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A Measurement Study of the Ethereum Underlying P2P Network

Mohammad Z. Masoud1, Yousef Jaradat1, Ahmad Manasrah2, Mohammad Alia3, Khaled Suwais4,*, Sally Almanasra4

1 Electrical Engineering Department, Al-Zaytoonah University of Jordan, Amman, 11733, Jordan
2 Mechanical Engineering Department, Al-Zaytoonah University of Jordan, Amman, 11733, Jordan
3 Computer Science Department, Al-Zaytoonah University of Jordan, Amman, 11733, Jordan
4 Faculty of Computer Studies, Arab Open University, Riyadh, 11681, Saudi Arabia

* Corresponding Author: Khaled Suwais. Email: email

Computers, Materials & Continua 2024, 78(1), 515-532.


This work carried out a measurement study of the Ethereum Peer-to-Peer (P2P) network to gain a better understanding of the underlying nodes. Ethereum was applied because it pioneered distributed applications, smart contracts, and Web3. Moreover, its application layer language “Solidity” is widely used in smart contracts across different public and private blockchains. To this end, we wrote a new Ethereum client based on Geth to collect Ethereum node information. Moreover, various web scrapers have been written to collect nodes’ historical data from the Internet Archive and the Wayback Machine project. The collected data has been compared with two other services that harvest the number of Ethereum nodes. Our method has collected more than 30% more than the other services. The data trained a neural network model regarding time series to predict the number of online nodes in the future. Our findings show that there are less than 20% of the same nodes daily, indicating that most nodes in the network change frequently. It poses a question of the stability of the network. Furthermore, historical data shows that the top ten countries with Ethereum clients have not changed since 2016. The popular operating system of the underlying nodes has shifted from Windows to Linux over time, increasing node security. The results have also shown that the number of Middle East and North Africa (MENA) Ethereum nodes is neglected compared with nodes recorded from other regions. It opens the door for developing new mechanisms to encourage users from these regions to contribute to this technology. Finally, the model has been trained and demonstrated an accuracy of 92% in predicting the future number of nodes in the Ethereum network.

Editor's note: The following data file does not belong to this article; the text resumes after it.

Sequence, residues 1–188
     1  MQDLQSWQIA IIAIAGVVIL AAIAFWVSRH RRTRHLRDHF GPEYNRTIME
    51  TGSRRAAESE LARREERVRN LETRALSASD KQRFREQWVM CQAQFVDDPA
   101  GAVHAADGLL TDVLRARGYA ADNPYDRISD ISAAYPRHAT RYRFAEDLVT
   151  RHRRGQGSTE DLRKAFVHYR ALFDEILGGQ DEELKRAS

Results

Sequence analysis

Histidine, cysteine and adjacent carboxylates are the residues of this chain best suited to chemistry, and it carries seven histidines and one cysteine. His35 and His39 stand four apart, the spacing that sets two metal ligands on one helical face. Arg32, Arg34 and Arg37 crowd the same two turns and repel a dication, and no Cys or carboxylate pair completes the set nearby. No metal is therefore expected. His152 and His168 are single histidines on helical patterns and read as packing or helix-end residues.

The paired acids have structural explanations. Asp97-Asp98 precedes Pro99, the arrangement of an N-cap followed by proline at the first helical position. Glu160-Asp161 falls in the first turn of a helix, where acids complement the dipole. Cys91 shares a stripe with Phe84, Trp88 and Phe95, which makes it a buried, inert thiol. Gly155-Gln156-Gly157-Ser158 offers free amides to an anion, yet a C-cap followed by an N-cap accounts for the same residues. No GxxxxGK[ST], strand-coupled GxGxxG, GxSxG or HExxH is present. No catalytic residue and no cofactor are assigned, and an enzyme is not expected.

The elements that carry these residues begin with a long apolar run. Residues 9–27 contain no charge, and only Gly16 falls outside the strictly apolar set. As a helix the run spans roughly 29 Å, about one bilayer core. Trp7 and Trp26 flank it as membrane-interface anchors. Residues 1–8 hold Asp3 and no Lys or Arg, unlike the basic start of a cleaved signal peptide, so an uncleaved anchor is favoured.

Cite This Article

M. Z. Masoud, Y. Jaradat, A. Manasrah, M. Alia, K. Suwais et al., "A measurement study of the ethereum underlying p2p network," Computers, Materials & Continua, vol. 78, no.1, pp. 515–532, 2024.

cc This work is licensed under a Creative Commons Attribution 4.0 International License , which permits unrestricted use, distribution, and reproduction in any medium, provided the original work is properly cited.
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